A Good News Type Of Day

A Good News Type Of Day

Well damned if this wasn’t a good news type of day.

We’d wager the only people unhappy with how Wednesday turned out are Treasury shorts (and there are a lot of them) who got burned badly by a Fed that managed to sprinkle just enough dovish pixie dust into today’s hike to send yields plunging. Oh, and bank stocks were understandably unhappy…


Treasuries surged after the Fed raised rates as expected and maintained forecasts for additional increases for the next two years, dashing expectations it might signal a quicker pace of hikes,” Bloomberg wrote on Wednesday afternoon, adding that “traders who were speculating on a more hawkish slant from the Fed were left disappointed that the central bank didn’t signal it was shifting to a more aggressive tightening path.” The dollar fell against all of its major peers.

“This is broadly negative for the U.S. dollar,” Mark McCormick, North American head of foreign-exchange strategy at Toronto-Dominion Bank in Toronto, said. “The market was looking for a definite shift in the dots and more clear signals toward a more restrictive stance over the next few years.”

As for risk: it was off to the races…


Everything that fell last week amid the deflationary plunge in crude rallied, with the slumping USD underpinning commodities.

And as if we hadn’t gotten enough good news for one day, this hit the wires one minute (literally) after the close:


Here’s the breakdown:

Prime Minister Mark Rutte’s Liberal Party took 31 seats in elections on Monday, according to an exit poll by Ipsos published as voting booths closed.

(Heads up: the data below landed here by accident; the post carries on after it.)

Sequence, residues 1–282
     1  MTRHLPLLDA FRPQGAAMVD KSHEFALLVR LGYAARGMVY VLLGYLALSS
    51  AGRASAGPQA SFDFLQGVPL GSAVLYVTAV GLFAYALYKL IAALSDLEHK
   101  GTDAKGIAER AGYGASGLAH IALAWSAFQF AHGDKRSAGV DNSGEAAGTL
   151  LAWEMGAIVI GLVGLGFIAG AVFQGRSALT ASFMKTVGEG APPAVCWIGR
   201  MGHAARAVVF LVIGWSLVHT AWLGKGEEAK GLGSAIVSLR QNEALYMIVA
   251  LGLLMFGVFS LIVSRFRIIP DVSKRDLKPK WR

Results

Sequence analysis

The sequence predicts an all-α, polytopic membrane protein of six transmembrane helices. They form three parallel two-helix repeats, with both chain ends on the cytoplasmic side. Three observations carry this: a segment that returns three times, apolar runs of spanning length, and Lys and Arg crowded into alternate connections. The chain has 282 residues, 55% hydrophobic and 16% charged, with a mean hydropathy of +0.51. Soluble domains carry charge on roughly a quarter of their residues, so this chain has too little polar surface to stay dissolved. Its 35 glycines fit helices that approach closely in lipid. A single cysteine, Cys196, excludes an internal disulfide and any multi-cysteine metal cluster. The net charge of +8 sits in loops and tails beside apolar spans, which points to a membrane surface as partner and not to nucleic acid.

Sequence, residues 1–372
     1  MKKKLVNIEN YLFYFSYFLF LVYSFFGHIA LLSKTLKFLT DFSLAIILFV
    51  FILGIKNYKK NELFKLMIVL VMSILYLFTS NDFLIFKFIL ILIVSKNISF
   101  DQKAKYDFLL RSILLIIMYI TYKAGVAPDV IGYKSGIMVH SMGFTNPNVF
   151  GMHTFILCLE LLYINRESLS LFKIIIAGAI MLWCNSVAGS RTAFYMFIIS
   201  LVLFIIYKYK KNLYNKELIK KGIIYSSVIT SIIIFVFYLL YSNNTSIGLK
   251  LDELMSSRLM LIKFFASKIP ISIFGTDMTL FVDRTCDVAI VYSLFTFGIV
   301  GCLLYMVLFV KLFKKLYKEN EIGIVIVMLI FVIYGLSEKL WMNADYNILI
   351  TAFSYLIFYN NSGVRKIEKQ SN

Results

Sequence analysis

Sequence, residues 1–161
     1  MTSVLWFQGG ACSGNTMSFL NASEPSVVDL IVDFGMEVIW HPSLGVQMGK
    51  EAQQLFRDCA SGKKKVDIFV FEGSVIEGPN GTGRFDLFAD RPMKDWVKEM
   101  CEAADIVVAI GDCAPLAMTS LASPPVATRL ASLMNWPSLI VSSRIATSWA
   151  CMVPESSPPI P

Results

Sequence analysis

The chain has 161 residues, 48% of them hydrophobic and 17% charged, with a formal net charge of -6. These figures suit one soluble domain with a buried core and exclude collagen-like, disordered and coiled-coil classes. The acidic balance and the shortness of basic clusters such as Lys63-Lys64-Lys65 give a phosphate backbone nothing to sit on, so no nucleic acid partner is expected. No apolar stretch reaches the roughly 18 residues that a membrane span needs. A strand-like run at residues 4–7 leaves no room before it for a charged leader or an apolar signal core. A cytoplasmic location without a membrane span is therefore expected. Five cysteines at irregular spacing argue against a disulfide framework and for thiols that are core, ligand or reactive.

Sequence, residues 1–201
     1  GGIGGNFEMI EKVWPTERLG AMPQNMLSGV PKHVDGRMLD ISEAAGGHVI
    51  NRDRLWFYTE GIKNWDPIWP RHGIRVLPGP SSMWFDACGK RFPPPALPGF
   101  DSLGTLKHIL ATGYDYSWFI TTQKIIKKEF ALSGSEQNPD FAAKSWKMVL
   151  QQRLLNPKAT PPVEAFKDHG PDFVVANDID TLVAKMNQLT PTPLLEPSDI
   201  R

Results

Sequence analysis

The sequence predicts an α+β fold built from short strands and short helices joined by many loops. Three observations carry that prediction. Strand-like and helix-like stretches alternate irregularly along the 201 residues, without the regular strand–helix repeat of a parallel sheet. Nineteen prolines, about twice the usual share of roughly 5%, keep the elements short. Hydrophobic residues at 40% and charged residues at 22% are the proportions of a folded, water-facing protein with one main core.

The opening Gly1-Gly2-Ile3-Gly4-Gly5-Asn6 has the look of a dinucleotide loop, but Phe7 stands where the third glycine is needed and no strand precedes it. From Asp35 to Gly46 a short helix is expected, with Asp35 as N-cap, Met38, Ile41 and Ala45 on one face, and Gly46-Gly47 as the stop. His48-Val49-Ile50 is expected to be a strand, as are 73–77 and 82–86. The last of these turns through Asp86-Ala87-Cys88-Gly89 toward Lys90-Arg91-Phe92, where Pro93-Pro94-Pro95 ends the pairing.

• VVD (Liberal Party, Prime Minister Mark Rutte) receives 31 seats
    • Compares with 41 seats in 2012 elections
  • PvdA (Labor Party, Lodewijk Asscher) recieves 9 seats
    • Labor took 38 seats in 2012 elections
    • Party is current government partner with Liberal Party
  • PVV (Freedom Party, Geert Wilders) receives 19 seats
    • Compares with 15 seats in 2012 elections
  • SP (Socialist Party, Emile Roemer) recieves 14 seats
    • Compares with 15 seats in 2012 elections
  • CDA (Christian Democrats, Sybrand Buma) recieves 19 seats
    • Compares with 13 seats in 2012 elections
  • D66 (Democrats 66, Alexander Pechtold) recieves 19 seats
    • Compares with 12 seats in 2012 elections
  • CU (Christian Union, Gert-Jan Segers) recieves 6 seats
    • Compares with 5 seats in 2012 elections
  • GL (Green Party, Jesse Klaver) recieves 16 seats
    • Compares with 4 seats in 2012 elections
  • SGP (Reformed Party, Kees van der Staaij) recieves 3 seats
  • PvdD (Party for the Animals, Marianne Thieme) recieves 5 seats
  • 50+ (50 Plus Party, Henk Krol) recieves 4 seats
  • Denk recieves 3 seats
  • Forum for Democracy gets 2 seats

Can you guess what that meant for EURUSD? That’s right, (another) leg up:


Needless to say, that’s a sigh of relief for markets. As a reminder, that could have gone horribly wrong. Had the Fed come across as too aggressive and had Geert Wilders simultaneously put up a better-than-expected showing in the Netherlands, we could have seen a bloodbath in the single currency.

“The Freedom Party’s tally as seen by the Dutch exit poll is on the low side and this will be seen as reducing the risk premium attached to the risk of France leaving the euro zone,” Deutsche Bank wrote.

Ultimately, you’re reminded that the Fed did actually hike. And that’s the first sign that the global monetary policy regime that’s looked like this…


… since the crisis, is about to change.

At the end of the day, we think the journalistic “queen of credit” may have put it best:


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